Food-wise I loved it. My wife and I split the humus which was served with olives on top and pizza "bread" . The bread was crispy where it should be and soft where is expected. I am not a humus fan but this had a fantastic flavor and I would recommend. We spoke to the couple next to us and they mentioned that the ahi lettuce wraps were amazing. For the main course we we had the scallops and a turkey burger. Both were cooked to perfection with amazingly fresh ingredients. I am one of those people who eats whatever is in front of me and I have to say the portion sizes were perfect. I can highly recommend either dish.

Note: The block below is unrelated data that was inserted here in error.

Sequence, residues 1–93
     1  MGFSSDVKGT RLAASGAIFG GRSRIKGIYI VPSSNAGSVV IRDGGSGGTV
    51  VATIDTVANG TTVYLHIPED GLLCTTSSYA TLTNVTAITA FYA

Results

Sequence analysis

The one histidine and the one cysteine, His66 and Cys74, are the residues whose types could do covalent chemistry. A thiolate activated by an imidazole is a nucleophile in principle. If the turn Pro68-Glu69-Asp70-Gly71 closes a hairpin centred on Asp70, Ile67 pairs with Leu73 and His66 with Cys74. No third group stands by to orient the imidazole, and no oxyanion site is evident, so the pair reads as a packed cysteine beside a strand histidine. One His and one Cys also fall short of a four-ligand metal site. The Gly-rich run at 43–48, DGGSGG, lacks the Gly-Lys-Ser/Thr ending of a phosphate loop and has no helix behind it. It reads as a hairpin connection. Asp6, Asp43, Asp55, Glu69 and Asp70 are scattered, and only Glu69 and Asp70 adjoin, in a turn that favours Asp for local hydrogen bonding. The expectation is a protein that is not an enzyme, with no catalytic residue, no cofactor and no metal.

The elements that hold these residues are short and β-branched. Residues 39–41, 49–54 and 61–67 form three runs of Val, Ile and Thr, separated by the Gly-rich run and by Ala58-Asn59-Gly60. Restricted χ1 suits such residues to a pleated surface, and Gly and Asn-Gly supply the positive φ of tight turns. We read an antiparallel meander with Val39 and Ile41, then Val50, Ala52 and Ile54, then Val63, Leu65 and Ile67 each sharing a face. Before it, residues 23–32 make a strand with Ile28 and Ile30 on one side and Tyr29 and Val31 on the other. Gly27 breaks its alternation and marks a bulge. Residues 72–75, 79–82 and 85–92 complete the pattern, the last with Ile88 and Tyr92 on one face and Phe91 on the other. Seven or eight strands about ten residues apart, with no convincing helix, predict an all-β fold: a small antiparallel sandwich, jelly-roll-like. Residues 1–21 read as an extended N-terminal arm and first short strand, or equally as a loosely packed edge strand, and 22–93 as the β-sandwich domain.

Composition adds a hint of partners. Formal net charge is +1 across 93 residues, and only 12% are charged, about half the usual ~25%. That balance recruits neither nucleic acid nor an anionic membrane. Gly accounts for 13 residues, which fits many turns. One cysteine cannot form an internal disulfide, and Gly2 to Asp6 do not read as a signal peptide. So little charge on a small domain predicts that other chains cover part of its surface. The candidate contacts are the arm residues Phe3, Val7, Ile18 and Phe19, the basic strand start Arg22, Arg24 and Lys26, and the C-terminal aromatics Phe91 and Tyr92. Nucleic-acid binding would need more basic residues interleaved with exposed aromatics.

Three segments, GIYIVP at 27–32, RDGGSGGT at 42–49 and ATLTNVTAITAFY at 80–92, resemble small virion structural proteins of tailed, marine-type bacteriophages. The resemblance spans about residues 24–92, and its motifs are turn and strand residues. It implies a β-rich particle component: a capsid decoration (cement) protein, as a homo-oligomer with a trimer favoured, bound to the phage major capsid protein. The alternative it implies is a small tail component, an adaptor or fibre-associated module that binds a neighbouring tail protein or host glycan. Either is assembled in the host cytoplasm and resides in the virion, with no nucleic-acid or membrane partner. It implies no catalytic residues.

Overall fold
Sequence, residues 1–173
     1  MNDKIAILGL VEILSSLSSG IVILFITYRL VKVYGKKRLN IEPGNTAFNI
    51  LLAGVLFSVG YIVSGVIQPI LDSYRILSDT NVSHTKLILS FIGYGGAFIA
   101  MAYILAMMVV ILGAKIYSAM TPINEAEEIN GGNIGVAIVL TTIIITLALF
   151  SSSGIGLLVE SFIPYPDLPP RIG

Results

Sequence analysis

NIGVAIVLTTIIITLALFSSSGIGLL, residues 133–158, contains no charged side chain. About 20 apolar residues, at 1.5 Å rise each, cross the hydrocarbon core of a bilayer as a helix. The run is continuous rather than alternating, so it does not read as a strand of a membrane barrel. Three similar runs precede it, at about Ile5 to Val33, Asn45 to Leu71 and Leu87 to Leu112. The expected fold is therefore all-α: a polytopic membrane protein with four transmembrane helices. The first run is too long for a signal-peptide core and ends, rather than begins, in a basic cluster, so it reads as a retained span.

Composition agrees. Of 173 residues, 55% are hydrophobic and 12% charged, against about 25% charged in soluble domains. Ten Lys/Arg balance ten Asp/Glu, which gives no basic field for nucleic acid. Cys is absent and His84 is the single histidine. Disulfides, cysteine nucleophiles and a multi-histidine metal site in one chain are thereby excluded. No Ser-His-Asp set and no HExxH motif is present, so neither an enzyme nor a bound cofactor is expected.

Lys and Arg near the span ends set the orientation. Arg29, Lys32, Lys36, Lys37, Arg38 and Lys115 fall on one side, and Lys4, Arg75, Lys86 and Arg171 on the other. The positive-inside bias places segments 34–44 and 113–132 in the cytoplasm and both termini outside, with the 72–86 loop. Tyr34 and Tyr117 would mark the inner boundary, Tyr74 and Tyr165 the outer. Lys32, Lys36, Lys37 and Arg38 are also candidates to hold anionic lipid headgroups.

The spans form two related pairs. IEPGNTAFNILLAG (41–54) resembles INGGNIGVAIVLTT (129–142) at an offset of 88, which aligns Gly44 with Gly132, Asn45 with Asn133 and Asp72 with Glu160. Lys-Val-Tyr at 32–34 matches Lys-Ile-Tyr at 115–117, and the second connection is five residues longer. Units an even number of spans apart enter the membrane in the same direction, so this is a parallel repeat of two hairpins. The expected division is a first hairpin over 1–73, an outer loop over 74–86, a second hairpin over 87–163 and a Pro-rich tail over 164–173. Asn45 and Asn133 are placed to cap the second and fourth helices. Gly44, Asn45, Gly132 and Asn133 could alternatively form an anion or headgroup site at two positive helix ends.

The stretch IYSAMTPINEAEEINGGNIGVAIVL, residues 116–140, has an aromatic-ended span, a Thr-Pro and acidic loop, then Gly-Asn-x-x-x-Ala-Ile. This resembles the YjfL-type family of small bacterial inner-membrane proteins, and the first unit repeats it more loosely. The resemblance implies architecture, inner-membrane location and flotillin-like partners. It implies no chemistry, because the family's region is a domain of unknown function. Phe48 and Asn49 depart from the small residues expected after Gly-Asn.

The wine selection is not 75 pages of wines, but rather a few very good reasonably priced selections. Most are served by the glass with most prices int the $10 to $16 range.
Desert was also amazing we split a portion of the carrott cake with tangerine ice cream.
We spent $110 for two with a couple of glasses of wine. I am a huge fan of Violet and while the food is different I would say if you like it you will like Akasha. I would say I am considerate of planet Earth but it was great to find a place that has amazing food that is actually healthy.
I hope this helps.